Katherine asked me to show how I frame work, so .... here goes :)
This is how I framed the big mixed media and pastel abstracted flower.
The frame is over 3ft square and the mount was either 4 or 5 inches wide - I think it might have been 5 with 5.5 inches at the bottom. It could even have had a wider mount (mat) - but the framing costs got a bit much! My framer taught me when I was starting out that it pays to have an extra half inch at the bottom to stop the 'falling out of the frame' look that you can get if the mount is equal all the way round.
I don't use coloured mounts, just antique white - a soft creamy colour. I usually frame in limed ash - again a pale neutral colour that lets the painting be the key element. By using one type of wood they all look right together in a show. The widths of the frame may vary but the 'look' is the same.
I never frame work on canvas. I use gallery wrap canvas and paint the edges - usually in a colour that works with the painting and occasionally taking the painting around the sides.
This is a shot of part of a solo show I had - you can see that the frames work well together and there's a unity. Compare it with the jumble of frames from different artists at the LSA show, which really doesn't work too well!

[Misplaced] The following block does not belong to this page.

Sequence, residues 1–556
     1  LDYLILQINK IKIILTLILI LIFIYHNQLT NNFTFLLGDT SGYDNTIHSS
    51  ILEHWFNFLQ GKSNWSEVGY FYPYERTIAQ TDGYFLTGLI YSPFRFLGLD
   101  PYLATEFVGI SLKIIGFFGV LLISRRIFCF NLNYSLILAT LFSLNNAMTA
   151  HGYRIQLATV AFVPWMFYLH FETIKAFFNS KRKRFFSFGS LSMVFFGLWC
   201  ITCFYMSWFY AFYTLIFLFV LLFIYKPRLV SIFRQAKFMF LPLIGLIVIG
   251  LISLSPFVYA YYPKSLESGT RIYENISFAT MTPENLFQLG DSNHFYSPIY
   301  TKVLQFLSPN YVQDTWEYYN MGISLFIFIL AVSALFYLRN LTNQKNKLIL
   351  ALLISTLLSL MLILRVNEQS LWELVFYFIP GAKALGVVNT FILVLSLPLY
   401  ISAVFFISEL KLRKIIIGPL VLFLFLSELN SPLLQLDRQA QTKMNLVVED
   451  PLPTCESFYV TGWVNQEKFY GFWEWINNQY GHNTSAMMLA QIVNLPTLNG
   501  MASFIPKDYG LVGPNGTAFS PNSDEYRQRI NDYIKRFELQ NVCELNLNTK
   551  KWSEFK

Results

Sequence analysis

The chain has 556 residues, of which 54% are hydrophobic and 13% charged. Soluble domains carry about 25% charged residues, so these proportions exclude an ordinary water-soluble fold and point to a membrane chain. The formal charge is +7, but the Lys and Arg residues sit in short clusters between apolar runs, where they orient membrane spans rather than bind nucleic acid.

On the far wall they are all in limed ash frames, some wide, some narrow - they look a bit washed out in this photo but in real life the frames work honestly! nearest to the camera you can see some small canvasses - I painted the edges in deep blue to echo the main colour of the painting.
The framed works were done plein air, the canvasses are studio paintings from memory.
In my experience, bad framing can ruin a good painting and good framing can make a reasonably good painting look great.
I painted on board (in oils) sometimes, in the first year when I was at uni, but don't nowadays because I find them so difficult to frame in a way I like. I don't like the board simply put in a frame as it feels cramped and claustrophobic to me (I know you probably think I'm weird but I really really don't like it!) - they look better floated but then it gets complicated. It's so much easier to work on canvas and forget the framing altogether!